Twenty years ago you probably didn’t imagine the Suzuki Vitara to be a ground breaker. But it was. The little 4x4 was the first small Sports Utility Vehicle and as such created a sector in the market that every major car maker would want to join.
You’ve got to feel for ’em. Two decades on and Suzuki still makes its small SUV – now extravagantly called the Grand Vitara – but it’s largely overlooked. As bigger players have joined the fray the current version has been consistently shuffled down people’s wish list even though it was only launched in 2005. Having sorted out the smaller cars in its range the Japanese firm has now addressed the Grand Vitara.
So what’s Suzuki done to the Grand Vitara?
It’s hardly a radical revamp. The front end’s been tweaked with a sleeker grille and bumper that adds 3cm to the front overhang. It also gets new door mirrors with turn indicators incorporated. Suzuki's been at work on the interior too. The switches have been given a more solid feel to them and there’s a new centre console and air-conditioning controllers. It’s smart to look at and well built but the materials still don’t exude quality.
Suzuki has also been at work in areas you can’t see. It’s increased the thickness of the glass in the front doors and the depth of the carpet to improve sound insulation. But perhaps strangely, considering big cars are currently as popular as hedge fund managers, it’s the top end of the Grand Vitara range Suzuki has concentrated on.
The biggest change is to the engines. The top of the line 2.0-litre petrol unit has been replaced by a 2.4-litre. At 169bhp the new engine is 29bhp up than the unit it replaces. But it’s also got more torque and has been designed to be quieter while putting out the same carbon dioxide emissions of 205g/km in the three-door manual, 225g/km in the dirtiest five-door auto.
The efforts at improving refinement have been successful. At motorway speeds you can’t hear the engine; it’s drowned out by the wind noise. And even holding gears with the smooth though not particularly fast-shifting five-speed manual doesn’t make it sound coarse or thrashy. We tried it out in the three-door model and although hardly down on power you’d expect a modern 2.4 in a relatively small vehicle to be a bit gutsier.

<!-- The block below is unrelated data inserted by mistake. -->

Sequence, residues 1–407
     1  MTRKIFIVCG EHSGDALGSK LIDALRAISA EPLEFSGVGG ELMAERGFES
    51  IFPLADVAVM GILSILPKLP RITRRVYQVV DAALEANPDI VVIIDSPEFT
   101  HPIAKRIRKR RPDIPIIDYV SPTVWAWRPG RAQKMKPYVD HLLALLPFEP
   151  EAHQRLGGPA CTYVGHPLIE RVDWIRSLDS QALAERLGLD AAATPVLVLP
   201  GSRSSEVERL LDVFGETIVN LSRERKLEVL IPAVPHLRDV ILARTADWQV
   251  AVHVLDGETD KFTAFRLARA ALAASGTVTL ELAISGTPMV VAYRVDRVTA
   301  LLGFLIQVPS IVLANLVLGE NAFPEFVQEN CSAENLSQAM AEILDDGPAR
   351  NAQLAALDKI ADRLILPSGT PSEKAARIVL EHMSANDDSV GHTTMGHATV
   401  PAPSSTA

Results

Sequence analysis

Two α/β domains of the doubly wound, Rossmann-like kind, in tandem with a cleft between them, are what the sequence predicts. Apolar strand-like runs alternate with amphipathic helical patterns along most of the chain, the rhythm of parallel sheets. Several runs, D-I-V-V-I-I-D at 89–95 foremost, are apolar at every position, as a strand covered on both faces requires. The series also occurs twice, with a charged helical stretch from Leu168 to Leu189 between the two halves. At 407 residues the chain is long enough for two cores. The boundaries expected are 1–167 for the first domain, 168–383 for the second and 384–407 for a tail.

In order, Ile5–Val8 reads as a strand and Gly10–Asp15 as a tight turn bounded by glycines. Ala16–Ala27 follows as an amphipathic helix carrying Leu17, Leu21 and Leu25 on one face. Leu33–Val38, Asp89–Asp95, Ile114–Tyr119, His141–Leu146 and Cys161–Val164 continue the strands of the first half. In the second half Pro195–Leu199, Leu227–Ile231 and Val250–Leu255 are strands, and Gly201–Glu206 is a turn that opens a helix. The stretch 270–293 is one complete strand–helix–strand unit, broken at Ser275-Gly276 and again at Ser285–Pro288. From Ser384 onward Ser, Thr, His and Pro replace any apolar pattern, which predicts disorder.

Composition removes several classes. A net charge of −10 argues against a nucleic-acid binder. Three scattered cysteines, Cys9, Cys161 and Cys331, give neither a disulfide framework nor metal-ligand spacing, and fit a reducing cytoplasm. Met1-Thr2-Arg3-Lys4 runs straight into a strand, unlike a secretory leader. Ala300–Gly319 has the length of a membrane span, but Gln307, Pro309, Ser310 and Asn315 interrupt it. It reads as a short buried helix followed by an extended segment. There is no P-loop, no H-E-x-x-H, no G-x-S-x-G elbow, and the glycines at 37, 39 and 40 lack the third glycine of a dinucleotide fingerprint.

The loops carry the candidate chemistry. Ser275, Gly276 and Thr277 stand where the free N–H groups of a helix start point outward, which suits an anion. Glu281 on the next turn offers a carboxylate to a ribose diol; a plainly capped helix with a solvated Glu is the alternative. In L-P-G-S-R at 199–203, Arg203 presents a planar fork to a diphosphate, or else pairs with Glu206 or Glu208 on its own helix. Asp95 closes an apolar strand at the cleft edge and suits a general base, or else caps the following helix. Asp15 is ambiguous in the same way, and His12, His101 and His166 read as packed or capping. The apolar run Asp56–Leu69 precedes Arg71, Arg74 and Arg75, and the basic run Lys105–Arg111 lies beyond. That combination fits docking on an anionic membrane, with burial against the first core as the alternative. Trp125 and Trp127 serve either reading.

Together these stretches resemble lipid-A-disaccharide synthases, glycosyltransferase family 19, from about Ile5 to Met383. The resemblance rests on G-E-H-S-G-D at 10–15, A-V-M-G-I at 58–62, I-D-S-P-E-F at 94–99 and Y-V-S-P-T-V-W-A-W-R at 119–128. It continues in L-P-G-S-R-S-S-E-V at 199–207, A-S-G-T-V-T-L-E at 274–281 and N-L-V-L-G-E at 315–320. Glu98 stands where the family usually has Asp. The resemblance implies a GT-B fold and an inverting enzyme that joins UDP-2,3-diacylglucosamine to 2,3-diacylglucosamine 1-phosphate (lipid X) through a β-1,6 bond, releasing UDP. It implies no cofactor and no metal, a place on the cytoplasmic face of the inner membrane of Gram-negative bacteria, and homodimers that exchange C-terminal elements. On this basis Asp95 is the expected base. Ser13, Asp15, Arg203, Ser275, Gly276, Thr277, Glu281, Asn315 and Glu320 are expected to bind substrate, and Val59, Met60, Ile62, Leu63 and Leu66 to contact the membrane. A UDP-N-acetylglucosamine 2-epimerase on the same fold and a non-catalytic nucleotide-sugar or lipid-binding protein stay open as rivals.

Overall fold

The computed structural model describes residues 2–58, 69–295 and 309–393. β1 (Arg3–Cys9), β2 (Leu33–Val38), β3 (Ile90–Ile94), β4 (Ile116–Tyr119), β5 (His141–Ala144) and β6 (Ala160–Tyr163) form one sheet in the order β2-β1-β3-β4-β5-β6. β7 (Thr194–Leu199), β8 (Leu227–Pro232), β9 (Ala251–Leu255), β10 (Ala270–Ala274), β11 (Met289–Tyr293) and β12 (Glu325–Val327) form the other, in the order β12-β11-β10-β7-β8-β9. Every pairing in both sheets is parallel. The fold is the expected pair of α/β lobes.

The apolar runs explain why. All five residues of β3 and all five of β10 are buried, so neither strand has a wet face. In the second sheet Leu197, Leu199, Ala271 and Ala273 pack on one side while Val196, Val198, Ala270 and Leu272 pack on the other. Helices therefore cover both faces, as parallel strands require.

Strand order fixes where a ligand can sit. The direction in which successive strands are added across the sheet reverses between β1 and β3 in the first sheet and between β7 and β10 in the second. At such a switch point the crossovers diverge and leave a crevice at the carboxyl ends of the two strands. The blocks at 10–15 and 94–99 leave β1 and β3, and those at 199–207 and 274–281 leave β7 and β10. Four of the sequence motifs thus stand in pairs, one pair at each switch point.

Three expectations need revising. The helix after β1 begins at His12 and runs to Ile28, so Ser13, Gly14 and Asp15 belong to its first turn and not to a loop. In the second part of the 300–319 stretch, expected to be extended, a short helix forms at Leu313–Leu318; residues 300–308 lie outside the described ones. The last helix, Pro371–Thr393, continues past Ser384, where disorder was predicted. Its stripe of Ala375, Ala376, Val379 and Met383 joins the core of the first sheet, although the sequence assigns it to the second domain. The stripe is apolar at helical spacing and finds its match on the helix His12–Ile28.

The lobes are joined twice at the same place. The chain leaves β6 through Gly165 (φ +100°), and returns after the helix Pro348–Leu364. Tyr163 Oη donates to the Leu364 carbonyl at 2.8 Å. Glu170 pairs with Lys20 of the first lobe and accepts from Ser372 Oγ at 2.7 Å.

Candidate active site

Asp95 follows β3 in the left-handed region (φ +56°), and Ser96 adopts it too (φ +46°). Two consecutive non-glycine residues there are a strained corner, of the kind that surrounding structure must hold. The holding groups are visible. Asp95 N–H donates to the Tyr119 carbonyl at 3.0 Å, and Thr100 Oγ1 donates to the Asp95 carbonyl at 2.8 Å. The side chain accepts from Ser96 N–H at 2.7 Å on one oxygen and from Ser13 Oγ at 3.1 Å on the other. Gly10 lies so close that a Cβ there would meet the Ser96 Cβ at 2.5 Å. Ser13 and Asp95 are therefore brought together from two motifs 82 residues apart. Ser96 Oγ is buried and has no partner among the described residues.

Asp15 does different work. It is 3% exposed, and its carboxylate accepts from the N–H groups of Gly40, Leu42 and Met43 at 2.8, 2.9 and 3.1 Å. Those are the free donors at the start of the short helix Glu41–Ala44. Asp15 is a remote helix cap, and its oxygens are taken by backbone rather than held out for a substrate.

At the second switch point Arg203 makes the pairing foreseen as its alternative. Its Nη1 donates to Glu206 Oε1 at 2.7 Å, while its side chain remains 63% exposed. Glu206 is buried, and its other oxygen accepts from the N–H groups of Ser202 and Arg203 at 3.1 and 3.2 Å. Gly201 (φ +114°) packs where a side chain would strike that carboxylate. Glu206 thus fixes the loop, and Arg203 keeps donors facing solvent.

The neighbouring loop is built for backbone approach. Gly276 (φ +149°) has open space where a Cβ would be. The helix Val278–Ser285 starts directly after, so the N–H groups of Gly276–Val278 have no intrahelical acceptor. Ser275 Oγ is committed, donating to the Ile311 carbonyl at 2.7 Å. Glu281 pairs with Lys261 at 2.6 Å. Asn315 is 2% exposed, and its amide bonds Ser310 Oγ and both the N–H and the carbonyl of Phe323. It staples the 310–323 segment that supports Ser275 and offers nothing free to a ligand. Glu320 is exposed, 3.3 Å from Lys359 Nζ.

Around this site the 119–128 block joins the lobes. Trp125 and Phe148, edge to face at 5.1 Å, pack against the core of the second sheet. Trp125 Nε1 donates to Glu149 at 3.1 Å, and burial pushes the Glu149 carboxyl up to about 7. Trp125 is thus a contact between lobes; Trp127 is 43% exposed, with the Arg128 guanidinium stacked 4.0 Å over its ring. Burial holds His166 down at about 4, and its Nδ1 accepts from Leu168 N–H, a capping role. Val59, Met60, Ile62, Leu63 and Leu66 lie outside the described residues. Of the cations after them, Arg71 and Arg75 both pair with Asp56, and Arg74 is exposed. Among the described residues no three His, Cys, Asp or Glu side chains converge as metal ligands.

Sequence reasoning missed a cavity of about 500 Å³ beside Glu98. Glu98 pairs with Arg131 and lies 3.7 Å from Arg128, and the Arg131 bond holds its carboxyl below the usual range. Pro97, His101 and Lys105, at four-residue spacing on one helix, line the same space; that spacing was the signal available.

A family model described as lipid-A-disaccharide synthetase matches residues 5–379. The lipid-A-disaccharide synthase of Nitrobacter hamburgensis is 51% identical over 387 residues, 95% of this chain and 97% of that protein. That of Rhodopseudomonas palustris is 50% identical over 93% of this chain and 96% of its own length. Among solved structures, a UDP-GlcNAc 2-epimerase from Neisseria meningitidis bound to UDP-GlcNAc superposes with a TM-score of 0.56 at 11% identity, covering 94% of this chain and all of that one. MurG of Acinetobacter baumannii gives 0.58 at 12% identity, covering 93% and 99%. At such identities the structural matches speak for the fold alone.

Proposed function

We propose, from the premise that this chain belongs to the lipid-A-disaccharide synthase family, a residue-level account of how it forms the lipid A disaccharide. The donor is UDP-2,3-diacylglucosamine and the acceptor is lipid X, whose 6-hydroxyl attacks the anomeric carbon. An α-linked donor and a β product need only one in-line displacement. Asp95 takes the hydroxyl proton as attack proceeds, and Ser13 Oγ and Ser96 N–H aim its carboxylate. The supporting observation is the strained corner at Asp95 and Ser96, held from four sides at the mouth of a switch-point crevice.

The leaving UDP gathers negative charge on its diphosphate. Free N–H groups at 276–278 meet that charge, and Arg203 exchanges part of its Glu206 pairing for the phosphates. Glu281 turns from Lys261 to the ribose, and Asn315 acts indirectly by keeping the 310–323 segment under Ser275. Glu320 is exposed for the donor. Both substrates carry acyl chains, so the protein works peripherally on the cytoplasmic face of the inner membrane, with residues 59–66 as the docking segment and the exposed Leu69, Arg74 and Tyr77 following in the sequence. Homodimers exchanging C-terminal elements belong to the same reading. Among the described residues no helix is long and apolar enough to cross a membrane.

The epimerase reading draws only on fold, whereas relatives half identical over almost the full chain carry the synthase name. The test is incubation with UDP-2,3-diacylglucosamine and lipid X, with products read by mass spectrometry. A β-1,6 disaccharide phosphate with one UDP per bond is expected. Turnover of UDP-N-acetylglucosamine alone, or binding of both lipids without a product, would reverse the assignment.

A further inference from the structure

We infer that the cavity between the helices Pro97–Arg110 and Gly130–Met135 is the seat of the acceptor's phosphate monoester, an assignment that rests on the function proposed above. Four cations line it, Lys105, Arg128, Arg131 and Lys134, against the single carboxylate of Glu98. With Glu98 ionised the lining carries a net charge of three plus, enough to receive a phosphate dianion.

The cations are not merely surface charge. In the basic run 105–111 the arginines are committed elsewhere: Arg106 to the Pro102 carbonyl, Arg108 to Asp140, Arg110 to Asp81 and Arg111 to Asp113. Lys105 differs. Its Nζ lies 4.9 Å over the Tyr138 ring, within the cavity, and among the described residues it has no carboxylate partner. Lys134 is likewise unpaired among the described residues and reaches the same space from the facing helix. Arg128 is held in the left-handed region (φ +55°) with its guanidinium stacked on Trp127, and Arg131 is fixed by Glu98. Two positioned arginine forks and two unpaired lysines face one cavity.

Click 'Next' below to read more of our Suzuki Grand Vitara 2.4 first drive
Suzuki still does a three-door model I see?
Indeed it does and the firm’s very proud of it too as it’s the only small SUV of its kind and therefore the only one to feature a 2.4-litre engine. Speaking of which, it seems slightly odd the firm identified the engine as the most needy area of the Grand Vitara when the quality of the ride – or rather lack of it ‑ is the first thing that strikes you as worthy of attention. Even on a relatively smooth motorway you’ll find yourself being bounced around in the driver’s seat as though on an off-road track.
And while the front seats are very comfortable with excellent support, on your average (therefore poorly surfaced) country road a ride, which never has time to settle between bumps, becomes rather wearing. It’s a shame because body roll is actually quite well controlled and despite its high ground clearance there’s sufficient grip from the full-time four-wheel drive to make corners quite entertaining.
How practical is it?
Although the three-door 2.4 is a unique proposition there’s probably a good reason why others makers don’t do such a body shape. Open the immensely wide side-hinged rear door and that reason greets you in the form of a 184 litre boot. Along with cramped rear seats and a healthy blind spot where the thick B pillar sits there are ample reasons for anyone considering a Grand Vitara to go for the five door.
You get a decent amount of kit in the three door with your £14,499 buying an in-dash CD player, rear privacy glass and 17-inch wheels on top of air-con and electric windows. For £3000 more the five door offers an electric glass roof, high intensity discharge headlamps, 18-inch wheels and leather seats that are heated in the front. Electronic Stability Programme is now standard throughout the range too.
However, although impressively equipped compared to more expensive rivals, the Grand Vitara doesn’t share their combinations of talents. But with a range starting at £12,715 for a 1.6 petrol and with a soon-to-be-revised 1.9-litre turbo diesel coming, lower end models bought as an capable off-road alternative to a small family hatch make some sense.
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